On Sunday, two popes, John XXIII and John Paul II, will join the ranks of formally canonized saints of the Catholic church. In doing so, they will bring the number of popes who have been officially recognized as saints to 80 (out of some 263 popes who have been in office, according to traditional lists).
At first glance, this seems like a very high number, but it's worth remembering that the vast majority of these individuals date from the earliest centuries of the church. The first 35 bishops of Rome are all regarded as saints, as are 52 out of the first 54. In the case of many of these early popes, little historically reliable information is available for their lives. (How many have heard of the second-century pope Telesphorus, for instance? Or his successor, Hyginus?)
What is clear is that many of these early popes lived in an age of martyrs, and their sainthood was closely associated with their martyrdom. Also, for much of the first millennium of the church's history, canonizations were not made by popes. Rather, saints were recognized by popular acclamation at a local level and (when things ran smoothly) under the supervision of the local bishop.
The first evidence we have for a pope canonizing an individual dates from as late as 993. By 1234, Pope Gregory IX had declared that no person could legitimately be canonized without the authority of the pope. Over time, there evolved a complex legal process of assessing the merits of candidates for sainthood, the requirement of a set number of miracles (up to four at one stage), and an intense scrutiny of the person's life. This scrutiny was carried out by an official called the "promoter of the faith" (better known as the "devil's advocate"), and it was up to those championing an individual's cause to prove that their candidate was not a charlatan or a scoundrel.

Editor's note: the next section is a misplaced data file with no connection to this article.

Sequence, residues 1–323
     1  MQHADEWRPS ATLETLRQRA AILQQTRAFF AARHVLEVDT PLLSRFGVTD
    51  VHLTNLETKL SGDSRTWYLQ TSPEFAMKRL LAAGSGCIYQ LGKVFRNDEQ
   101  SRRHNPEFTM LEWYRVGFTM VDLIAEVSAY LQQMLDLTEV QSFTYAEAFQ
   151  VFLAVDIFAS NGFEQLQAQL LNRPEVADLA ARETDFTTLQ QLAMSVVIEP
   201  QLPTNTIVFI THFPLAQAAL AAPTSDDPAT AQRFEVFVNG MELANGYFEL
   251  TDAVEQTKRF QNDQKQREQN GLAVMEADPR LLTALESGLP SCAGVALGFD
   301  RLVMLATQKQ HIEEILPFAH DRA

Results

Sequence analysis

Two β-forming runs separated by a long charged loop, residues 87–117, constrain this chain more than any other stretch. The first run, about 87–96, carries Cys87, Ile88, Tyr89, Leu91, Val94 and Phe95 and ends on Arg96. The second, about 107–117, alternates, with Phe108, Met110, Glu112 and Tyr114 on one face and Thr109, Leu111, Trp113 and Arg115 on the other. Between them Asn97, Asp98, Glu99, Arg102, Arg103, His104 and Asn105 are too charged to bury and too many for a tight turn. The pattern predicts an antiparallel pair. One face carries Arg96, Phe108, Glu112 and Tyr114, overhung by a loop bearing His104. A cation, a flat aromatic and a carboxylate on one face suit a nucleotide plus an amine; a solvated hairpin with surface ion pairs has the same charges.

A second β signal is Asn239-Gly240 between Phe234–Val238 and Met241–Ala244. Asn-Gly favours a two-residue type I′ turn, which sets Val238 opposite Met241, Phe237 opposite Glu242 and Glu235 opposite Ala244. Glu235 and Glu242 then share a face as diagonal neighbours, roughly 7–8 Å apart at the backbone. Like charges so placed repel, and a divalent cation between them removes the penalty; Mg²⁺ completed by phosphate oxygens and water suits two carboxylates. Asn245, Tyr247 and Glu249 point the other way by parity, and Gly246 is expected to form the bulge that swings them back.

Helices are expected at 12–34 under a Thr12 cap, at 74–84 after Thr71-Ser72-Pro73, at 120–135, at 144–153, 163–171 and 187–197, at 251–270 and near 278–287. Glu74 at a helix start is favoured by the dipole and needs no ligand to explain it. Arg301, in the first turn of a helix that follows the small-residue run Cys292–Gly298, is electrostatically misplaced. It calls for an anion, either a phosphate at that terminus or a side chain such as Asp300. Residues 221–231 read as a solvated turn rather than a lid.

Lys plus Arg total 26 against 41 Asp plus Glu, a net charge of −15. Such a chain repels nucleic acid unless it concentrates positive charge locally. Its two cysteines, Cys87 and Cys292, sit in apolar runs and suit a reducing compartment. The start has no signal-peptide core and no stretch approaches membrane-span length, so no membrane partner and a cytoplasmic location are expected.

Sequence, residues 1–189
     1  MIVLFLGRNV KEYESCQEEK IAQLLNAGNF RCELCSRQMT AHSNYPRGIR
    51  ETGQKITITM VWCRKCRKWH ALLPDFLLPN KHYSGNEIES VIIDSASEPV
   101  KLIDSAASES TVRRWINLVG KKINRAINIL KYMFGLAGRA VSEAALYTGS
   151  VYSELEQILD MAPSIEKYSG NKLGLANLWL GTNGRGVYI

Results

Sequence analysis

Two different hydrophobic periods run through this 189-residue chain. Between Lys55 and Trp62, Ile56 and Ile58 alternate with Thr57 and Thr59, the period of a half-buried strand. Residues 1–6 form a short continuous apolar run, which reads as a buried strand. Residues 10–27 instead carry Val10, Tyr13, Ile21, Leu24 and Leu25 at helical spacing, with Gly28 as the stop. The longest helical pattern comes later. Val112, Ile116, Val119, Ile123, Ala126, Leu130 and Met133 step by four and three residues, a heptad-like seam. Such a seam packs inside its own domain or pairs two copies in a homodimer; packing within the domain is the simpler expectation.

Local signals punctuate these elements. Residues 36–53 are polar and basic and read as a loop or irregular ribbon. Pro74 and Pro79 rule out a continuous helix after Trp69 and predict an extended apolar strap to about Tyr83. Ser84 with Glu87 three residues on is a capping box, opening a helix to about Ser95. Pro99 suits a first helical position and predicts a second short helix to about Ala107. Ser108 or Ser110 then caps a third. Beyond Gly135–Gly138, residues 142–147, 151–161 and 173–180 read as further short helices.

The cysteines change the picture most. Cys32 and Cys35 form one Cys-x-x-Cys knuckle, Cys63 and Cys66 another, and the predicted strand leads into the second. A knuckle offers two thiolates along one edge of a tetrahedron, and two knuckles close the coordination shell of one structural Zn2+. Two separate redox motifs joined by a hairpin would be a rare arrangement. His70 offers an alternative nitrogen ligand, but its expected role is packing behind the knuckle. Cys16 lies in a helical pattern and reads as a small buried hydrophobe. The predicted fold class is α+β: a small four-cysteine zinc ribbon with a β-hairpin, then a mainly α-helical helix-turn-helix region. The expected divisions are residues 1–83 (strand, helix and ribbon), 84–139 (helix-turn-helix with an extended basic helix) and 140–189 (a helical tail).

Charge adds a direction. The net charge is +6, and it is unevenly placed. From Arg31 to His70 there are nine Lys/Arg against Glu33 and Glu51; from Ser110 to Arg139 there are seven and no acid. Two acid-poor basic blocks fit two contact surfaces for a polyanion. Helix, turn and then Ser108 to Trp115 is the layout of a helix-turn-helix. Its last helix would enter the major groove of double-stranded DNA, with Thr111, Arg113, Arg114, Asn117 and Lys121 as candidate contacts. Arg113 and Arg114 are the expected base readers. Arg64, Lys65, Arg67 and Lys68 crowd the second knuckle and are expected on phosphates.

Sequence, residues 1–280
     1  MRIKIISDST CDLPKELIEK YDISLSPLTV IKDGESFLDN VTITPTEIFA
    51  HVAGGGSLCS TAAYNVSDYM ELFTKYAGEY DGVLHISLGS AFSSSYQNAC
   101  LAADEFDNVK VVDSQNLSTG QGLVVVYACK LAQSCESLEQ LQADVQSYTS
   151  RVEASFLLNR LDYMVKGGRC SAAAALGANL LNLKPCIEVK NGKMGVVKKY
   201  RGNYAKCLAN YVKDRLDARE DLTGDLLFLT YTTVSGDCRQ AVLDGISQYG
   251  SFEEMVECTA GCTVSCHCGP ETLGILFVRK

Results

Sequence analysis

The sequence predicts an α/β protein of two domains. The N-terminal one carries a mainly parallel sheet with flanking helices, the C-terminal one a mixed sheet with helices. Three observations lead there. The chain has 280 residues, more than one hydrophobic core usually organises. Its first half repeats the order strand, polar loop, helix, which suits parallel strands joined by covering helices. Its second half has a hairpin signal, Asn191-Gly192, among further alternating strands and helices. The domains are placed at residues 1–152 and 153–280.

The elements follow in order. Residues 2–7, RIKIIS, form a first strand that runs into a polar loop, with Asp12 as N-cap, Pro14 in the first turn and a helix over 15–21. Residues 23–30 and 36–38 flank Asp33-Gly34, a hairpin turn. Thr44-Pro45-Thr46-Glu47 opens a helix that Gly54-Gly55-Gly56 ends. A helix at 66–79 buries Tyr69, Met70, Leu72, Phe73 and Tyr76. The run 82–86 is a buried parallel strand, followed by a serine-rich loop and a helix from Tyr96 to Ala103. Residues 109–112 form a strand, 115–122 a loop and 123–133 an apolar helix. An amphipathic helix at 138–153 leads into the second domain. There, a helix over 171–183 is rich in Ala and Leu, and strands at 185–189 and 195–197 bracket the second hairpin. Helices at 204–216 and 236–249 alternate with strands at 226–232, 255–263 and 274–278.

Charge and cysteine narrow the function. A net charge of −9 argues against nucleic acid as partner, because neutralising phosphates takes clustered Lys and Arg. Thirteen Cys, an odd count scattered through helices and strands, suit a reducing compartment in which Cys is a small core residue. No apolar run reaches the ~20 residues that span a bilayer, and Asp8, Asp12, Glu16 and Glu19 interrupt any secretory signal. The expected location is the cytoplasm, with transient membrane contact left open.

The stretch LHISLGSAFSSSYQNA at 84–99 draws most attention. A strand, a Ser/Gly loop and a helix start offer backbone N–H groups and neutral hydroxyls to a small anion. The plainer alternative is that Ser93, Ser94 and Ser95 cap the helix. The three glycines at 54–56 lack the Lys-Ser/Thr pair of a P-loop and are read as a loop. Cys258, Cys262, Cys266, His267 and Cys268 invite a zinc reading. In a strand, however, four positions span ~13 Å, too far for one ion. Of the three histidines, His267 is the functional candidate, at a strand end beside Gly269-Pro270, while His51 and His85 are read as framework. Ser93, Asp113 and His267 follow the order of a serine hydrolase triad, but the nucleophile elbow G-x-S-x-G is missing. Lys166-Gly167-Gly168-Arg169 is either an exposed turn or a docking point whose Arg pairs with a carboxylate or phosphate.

One might have expected that in the wake of an age of increasing papal centralization of power, many more papal canonizations would follow -- especially since a curious document from 1075 purportedly compiled by Pope Gregory VII (1073-85) rather audaciously declared that every pope, legitimately ordained, is made a saint through the merits of St. Peter. But this has not been the case. The irony is that since Gregory VII's pontificate, there have been only four: Gregory VII himself (canonized in 1606), Celestine V (canonized in 1313), Pius V (canonized in 1712), and Pius X (canonized in 1954). This makes the double canonization of John XXIII and John Paul II quite a rare event.
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But what does it mean to be declared a saint in any case? Undoubtedly, models of sainthood have evolved and developed over the centuries. In the New Testament, Paul uses the term hagios ("holy one") quite liberally to refer to the members of the Christian community at large who are "called to be saints" (Romans 1:7). The earliest veneration of saints centered on the tombs of martyrs over which the Eucharist was celebrated. The bones and other remains became important relics that possessed miraculous properties owing to their merits.